Q7. What's the best way for smaller agencies [under $50 million] to get on your radar screen? How often are agencies of this size relevant to your business?
A7. In general, consultants like to be hired by clients with budgets over $10 million—because smaller clients usually can't afford our fees. In that case, clients with larger budgets generally don't want to see any agency smaller than $50 million—unless its people have experience and credentials that make the agency competitive despite its small size. The best way for an agency to get on my screen is to [a] do great work that gets noticed; and [b] develop special credentials for doing work in certain fields or regions that make them stand out regardless of size.
Q8. As integrated pitches have become more valued by clients, do you actively encourage the pairing of above- and below-the-line shops?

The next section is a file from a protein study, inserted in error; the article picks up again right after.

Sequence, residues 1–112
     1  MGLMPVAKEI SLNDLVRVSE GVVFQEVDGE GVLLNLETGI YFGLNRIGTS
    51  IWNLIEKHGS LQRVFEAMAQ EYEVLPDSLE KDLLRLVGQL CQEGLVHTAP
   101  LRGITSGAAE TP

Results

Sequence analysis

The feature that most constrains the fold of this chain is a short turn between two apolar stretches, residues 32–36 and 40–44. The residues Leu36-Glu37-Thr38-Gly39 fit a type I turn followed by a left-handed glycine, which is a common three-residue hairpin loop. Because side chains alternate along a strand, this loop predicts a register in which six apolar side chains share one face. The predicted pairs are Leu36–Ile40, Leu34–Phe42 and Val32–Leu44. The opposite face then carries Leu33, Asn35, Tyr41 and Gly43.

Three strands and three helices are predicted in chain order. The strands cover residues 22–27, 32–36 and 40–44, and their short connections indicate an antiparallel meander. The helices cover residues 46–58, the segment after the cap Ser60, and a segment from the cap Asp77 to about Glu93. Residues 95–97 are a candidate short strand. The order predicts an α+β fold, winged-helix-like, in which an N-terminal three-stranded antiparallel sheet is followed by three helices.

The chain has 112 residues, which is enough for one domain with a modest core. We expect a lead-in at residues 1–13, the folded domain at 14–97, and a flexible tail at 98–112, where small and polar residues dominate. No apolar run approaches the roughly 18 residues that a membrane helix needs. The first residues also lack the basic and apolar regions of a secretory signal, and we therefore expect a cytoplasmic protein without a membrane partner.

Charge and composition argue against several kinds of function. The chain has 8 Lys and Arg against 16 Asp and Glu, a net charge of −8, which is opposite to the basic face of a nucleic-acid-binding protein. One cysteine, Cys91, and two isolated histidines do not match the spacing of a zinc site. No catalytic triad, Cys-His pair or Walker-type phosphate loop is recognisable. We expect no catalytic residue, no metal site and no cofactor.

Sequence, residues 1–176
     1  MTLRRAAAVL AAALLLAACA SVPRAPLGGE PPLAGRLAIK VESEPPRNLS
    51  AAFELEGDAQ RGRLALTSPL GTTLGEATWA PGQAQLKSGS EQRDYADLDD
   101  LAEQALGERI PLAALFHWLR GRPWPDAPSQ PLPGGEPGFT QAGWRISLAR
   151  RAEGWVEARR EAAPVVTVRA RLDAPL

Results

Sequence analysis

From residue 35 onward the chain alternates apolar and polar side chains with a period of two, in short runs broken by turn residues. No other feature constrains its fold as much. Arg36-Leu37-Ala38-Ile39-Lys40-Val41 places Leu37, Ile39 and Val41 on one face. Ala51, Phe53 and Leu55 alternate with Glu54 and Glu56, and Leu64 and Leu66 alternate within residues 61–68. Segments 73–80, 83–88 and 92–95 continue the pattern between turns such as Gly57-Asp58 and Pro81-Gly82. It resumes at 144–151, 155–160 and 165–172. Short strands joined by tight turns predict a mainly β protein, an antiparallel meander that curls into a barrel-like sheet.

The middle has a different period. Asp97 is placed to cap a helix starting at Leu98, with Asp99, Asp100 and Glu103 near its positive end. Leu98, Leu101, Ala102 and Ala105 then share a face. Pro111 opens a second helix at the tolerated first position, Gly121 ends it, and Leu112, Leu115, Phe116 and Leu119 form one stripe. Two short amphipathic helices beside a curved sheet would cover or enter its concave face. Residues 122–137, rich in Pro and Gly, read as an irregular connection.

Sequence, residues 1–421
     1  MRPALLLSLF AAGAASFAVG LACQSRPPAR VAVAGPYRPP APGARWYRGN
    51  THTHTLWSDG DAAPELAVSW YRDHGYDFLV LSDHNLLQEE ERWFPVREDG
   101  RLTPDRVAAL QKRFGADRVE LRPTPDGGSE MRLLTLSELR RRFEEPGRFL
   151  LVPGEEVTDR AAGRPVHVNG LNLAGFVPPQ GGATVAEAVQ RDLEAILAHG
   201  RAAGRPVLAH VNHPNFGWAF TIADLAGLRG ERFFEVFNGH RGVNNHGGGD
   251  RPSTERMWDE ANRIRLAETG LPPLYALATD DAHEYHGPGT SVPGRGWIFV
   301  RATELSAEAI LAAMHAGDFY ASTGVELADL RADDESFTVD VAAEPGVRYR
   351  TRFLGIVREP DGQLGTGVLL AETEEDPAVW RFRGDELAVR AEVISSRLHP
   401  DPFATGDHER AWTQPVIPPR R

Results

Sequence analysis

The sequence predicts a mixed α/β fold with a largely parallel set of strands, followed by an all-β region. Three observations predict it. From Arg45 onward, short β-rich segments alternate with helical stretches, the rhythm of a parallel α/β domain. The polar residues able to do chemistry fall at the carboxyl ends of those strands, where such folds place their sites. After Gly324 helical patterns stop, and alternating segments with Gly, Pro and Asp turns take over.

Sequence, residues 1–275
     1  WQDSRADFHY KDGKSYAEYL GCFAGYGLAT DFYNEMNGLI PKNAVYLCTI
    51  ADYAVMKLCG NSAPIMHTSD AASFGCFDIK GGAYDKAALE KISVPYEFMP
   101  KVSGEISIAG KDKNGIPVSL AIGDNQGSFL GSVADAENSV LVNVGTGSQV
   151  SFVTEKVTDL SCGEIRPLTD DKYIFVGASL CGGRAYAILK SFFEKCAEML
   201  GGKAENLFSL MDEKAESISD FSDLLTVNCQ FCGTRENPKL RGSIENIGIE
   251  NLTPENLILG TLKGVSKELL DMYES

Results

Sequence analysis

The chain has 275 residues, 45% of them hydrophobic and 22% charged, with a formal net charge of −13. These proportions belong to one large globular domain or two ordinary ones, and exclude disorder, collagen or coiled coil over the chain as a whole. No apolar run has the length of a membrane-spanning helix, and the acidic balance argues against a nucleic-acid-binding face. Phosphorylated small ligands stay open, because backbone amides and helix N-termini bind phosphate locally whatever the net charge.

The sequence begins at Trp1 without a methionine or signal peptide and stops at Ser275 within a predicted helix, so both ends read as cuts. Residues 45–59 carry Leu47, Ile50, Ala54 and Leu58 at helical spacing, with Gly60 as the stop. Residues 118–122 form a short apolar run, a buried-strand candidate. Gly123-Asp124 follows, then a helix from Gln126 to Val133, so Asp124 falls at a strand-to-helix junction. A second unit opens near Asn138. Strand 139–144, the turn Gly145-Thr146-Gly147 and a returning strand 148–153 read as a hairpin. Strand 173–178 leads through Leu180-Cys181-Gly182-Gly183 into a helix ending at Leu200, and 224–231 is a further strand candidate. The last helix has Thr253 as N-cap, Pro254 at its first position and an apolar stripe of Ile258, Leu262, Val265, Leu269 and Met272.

A8. I urge clients to separate pitches to be sure they are getting "best of class." The usual practice is to select the advertising agency, and if it is a networked firm, take a look at its below-the-line cousins before making a commitment. But the trend is to separate accounts in order to maintain high standards and reasonable fees.
Q9. You say agencies are a sea of sameness and need to differentiate. How can agencies differentiate themselves from competitors?
A9. Every agency is unique. If you don't see your agency that way—with a clearly defined set of strengths and weaknesses, a special capabilities and a unique culture—then you probably need a new mirror. The problem is that agencies like to hide their eccentricities. They're always afraid that by emphasizing their special abilities, they will run off a good piece of business. Agencies should hire a psychiatrist to help them with this identity crisis.